Christchurch City Council’s new online Water Reporter means households can now easily check how much water they have been using ahead of charges for high users coming into effect from mid-next year.
Properties in Christchurch and Banks Peninsula that regularly use large amounts of water will soon start paying extra for their water supply under the Council’s new Excess Water Supply Targeted Rate, which applies from 1 July 2022.
Council said most households in Christchurch and Banks Peninsula are average water users and will not use enough to receive an invoice.
Council Head of Three Waters and Waste, Helen Beaumont says the new Water Reporter tool gives residents a window into their water use and a reason to think differently about how much they are using, particularly over summer.
“The Water Reporter means people can easily start to get a sense of the amount of water they’ve been using, what it might cost, and whether they want to make some changes to avoid an invoice from July next year,” she said.
“Some properties will have high meter readings due to underground leaks that they don’t know about. We’ve put information on our Water Reporter webpage about how to read your water meter and how to check for leaks, so people can get them sorted before the new targeted rate applies.”
The Excess Water Supply Targeted Rate will apply to any single household with a water meter that uses, on average, more than 700 litres a day – roughly equivalent to 100 toilet flushes.
Property owners will pay a fixed rate of $1.35 for every 1,000 litres they use over the limit.
Multiple households served by a single water meter won’t have to pay until separate meters can be installed, unless there is a special agreement in place specifying which household or ratepayer is responsible for payment.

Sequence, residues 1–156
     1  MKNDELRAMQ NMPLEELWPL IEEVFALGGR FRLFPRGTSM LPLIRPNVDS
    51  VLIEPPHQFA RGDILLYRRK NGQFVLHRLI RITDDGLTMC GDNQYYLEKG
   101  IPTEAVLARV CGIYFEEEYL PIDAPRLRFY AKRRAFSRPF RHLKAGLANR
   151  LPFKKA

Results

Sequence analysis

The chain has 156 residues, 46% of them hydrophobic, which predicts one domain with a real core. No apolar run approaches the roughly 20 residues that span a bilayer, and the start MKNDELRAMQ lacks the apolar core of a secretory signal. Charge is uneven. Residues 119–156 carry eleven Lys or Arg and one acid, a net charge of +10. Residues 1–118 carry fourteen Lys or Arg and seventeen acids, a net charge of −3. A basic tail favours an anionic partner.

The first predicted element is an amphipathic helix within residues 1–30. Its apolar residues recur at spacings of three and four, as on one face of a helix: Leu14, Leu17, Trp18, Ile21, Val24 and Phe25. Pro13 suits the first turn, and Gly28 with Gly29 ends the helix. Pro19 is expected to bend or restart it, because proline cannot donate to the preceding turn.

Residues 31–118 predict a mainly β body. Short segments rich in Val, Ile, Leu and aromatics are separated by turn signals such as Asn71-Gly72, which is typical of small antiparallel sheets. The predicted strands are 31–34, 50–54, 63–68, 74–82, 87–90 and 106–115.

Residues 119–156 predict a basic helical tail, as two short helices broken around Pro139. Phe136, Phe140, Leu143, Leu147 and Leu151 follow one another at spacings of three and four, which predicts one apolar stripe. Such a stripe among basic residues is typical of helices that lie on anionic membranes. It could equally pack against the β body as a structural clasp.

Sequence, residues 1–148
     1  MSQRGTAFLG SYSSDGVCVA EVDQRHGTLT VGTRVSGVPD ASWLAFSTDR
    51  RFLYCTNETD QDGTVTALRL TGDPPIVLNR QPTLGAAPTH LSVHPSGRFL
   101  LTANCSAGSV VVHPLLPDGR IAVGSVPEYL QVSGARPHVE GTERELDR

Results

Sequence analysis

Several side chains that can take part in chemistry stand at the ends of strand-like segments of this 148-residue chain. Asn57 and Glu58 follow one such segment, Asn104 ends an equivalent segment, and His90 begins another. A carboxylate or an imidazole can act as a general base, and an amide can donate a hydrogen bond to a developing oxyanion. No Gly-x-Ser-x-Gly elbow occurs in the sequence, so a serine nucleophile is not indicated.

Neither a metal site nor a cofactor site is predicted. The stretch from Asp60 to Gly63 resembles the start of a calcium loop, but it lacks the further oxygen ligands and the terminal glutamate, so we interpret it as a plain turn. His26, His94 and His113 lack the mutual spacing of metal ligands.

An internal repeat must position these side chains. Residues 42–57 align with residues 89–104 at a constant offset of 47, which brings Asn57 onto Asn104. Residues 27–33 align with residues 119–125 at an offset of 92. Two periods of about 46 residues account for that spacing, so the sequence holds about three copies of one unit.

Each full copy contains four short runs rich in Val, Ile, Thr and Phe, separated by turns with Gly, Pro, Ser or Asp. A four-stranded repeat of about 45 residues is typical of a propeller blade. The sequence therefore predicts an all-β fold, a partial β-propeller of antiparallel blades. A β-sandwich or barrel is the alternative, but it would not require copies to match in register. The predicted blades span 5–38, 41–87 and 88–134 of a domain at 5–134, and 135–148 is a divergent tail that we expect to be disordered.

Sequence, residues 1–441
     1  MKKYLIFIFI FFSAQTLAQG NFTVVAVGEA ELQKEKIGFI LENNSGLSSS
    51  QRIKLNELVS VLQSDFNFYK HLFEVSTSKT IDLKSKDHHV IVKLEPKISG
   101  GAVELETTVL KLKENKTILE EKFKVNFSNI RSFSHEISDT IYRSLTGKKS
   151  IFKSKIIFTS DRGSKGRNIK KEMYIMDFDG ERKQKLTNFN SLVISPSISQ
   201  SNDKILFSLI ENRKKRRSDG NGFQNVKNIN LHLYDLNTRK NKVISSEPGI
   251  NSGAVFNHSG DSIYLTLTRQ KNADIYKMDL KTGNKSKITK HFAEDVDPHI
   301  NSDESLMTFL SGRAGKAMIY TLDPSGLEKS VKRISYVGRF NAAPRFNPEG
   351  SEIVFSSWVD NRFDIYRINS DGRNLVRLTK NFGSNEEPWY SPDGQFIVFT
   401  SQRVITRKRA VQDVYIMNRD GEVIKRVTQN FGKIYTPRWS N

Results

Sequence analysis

Households sharing a water meter are generally low to average water users because the majority are smaller properties within multi-unit developments with very compact or shared gardens.
“Christchurch’s water use in summer is about double that in winter, mostly due to people watering lawns and gardens with sprinklers and irrigation systems,” Ms Beaumont says.
“Because there’s previously been no cost to residents for using lots of water – and practical difficulties in enforcing water restrictions – we’ve had to try to appeal to people’s goodwill to reduce water usage.
“Charging for excess water supply will help us manage the city’s water demand better and reduce the high costs of pumping extra water over summer. It will also mean less money spent on expanding our water supply network just to cater for the small proportion of high users over summer.
“When other parts of the country have put in place similar charges they’ve seen a drop in water use of 20 to 30 per cent.
“Reducing high water use will also help to improve the sustainability of the district’s drinking water supply, which aligns with our climate change goals.”
Christchurch residents can click to Check your water use.